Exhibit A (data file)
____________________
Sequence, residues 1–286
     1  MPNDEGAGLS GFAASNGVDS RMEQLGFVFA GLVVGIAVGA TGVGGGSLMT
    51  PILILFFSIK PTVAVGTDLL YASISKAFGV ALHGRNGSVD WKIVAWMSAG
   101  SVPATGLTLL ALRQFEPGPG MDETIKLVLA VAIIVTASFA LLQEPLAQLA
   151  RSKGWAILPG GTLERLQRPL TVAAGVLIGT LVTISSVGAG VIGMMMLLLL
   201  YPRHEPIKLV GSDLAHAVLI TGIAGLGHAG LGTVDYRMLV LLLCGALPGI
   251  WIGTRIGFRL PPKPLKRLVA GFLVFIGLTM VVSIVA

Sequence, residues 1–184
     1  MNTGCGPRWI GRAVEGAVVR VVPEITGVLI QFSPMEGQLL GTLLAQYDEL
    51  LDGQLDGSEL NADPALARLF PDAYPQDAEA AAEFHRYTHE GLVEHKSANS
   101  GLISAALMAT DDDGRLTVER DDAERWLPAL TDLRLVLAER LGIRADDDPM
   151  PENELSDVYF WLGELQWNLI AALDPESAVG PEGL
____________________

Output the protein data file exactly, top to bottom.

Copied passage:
Sequence, residues 1–286
     1  MPNDEGAGLS GFAASNGVDS RMEQLGFVFA GLVVGIAVGA TGVGGGSLMT
    51  PILILFFSIK PTVAVGTDLL YASISKAFGV ALHGRNGSVD WKIVAWMSAG
   101  SVPATGLTLL ALRQFEPGPG MDETIKLVLA VAIIVTASFA LLQEPLAQLA
   151  RSKGWAILPG GTLERLQRPL TVAAGVLIGT LVTISSVGAG VIGMMMLLLL
   201  YPRHEPIKLV GSDLAHAVLI TGIAGLGHAG LGTVDYRMLV LLLCGALPGI
   251  WIGTRIGFRL PPKPLKRLVA GFLVFIGLTM VVSIVA

Sequence, residues 1–184
     1  MNTGCGPRWI GRAVEGAVVR VVPEITGVLI QFSPMEGQLL GTLLAQYDEL
    51  LDGQLDGSEL NADPALARLF PDAYPQDAEA AAEFHRYTHE GLVEHKSANS
   101  GLISAALMAT DDDGRLTVER DDAERWLPAL TDLRLVLAER LGIRADDDPM
   151  PENELSDVYF WLGELQWNLI AALDPESAVG PEGL